The first information about the church in Carmarthen comes from the beginning of the 12th century, when it was given to the Battle Abbey in England. This original church was significantly rebuilt and enlarged in the 13th and 14th centuries, and then in the 15th and early 16th centuries. During the dissolution of monasteries in the 16th century, the church became the property of the Crown. The Consistory Courts of the Chancellor of the Diocese of St Davids took place there, and bishop Robert Ferrar was also tried in it in 1555. Accused of heresy, he was then burnt on the market. In the 18th century, the church received a new sacristy, some interiors were also transformed and a decorative battlement on the tower was built. In 1816, the church was under the patronage of St David’s College in Lampeter until in the early 1900s it came under the bishops of St Davids. In the meantime, in the 19th century, a thorough renovation was carried out, during which most of the windows were replaced.
The church at the end of the Middle Ages, as a result of several construction works, achieved the form of a stately building with a rich architectural layout. It then consists of a long, five-bay rectangular nave, a narrower but quite elongated three-bay chancel on the eastern side, a four-sided tower on the west side and the northern arm of the transept (these parts were built in the 13th and 14th centuries).
On the south side there was a side aisle, the western part of which could use fragments of the old church from the 12th century. In the eastern part it was extended in the 15th century, so that it almost reached the eastern end of the chancel. This eastern end was used as a chapel, while most of the south aisle was opened onto the nave with five pointed arcades based on polygonal pillars.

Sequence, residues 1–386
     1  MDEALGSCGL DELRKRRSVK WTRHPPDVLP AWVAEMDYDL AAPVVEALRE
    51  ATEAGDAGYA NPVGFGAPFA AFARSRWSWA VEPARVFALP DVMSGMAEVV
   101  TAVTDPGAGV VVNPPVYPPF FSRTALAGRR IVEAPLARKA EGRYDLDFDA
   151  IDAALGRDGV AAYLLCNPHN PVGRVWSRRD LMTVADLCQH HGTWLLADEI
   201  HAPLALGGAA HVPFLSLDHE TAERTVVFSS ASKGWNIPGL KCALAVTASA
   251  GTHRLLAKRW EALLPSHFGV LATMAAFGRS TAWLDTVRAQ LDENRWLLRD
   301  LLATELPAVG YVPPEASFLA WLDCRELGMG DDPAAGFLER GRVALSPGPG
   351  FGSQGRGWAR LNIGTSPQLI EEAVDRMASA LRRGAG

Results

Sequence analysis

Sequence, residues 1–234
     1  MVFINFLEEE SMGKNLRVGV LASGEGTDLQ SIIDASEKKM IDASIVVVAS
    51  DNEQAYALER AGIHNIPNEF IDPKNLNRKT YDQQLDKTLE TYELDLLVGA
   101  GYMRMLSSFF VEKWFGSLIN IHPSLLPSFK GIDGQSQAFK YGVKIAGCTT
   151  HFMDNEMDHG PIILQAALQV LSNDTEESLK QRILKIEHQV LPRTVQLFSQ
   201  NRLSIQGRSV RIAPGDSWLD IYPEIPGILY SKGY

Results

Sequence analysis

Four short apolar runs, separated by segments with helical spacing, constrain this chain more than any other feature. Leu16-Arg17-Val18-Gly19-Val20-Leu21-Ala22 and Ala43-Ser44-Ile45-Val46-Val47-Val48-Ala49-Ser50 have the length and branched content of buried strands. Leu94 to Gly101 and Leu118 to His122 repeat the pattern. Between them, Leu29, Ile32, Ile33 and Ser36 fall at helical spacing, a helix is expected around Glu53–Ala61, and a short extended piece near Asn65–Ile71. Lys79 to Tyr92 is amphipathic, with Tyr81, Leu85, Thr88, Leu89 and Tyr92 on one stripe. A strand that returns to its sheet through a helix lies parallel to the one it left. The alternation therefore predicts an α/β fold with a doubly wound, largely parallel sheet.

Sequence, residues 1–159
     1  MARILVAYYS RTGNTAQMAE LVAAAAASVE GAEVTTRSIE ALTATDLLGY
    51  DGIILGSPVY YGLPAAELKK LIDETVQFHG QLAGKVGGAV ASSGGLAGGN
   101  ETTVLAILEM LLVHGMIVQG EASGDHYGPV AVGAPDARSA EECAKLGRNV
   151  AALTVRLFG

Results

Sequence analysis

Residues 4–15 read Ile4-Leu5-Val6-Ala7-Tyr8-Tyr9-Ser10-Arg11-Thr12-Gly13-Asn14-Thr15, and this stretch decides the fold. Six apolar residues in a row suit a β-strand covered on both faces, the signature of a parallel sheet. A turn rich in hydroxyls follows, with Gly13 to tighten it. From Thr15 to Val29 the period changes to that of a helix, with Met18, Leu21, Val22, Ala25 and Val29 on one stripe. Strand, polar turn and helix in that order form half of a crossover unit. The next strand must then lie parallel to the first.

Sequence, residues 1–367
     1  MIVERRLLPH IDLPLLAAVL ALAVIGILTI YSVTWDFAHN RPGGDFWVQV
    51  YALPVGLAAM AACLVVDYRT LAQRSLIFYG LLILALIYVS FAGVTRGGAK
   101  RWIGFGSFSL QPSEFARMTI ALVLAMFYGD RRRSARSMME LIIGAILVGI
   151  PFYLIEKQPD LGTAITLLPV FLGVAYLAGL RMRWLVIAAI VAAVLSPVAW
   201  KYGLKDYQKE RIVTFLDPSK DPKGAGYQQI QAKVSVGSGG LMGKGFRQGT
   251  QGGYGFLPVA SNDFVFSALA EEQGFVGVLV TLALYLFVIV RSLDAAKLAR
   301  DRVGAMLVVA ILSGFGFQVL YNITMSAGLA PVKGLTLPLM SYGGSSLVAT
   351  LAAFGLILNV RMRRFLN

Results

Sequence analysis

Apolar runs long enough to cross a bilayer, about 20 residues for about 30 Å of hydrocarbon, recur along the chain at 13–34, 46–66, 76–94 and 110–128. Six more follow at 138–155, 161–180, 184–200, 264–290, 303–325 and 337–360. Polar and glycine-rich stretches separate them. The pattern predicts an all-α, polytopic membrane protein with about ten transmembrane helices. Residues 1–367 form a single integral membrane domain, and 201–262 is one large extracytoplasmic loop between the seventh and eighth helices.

At the end of the Middle Ages, the walls of the nave and chancel were also raised to be level with the new aisle, and a southern porch was erected. Ultimately, the internal length of the church from the western part of the nave to the eastern end of the chancel reached 52 meters, making the church one of the longest temples in Wales. The width of both nave and aisle was 15 meters.
Salter M., The old parish churches of South-West Wales, Wolverhampton 2003.
Wooding J., Yates N., A Guide to the churches and chapels of Wales, Cardiff 2011.
Website coflein.gov.uk, St Peter’s church, Carmarthen.
Website wikipedia.org, St Peter’s church, Carmarthen.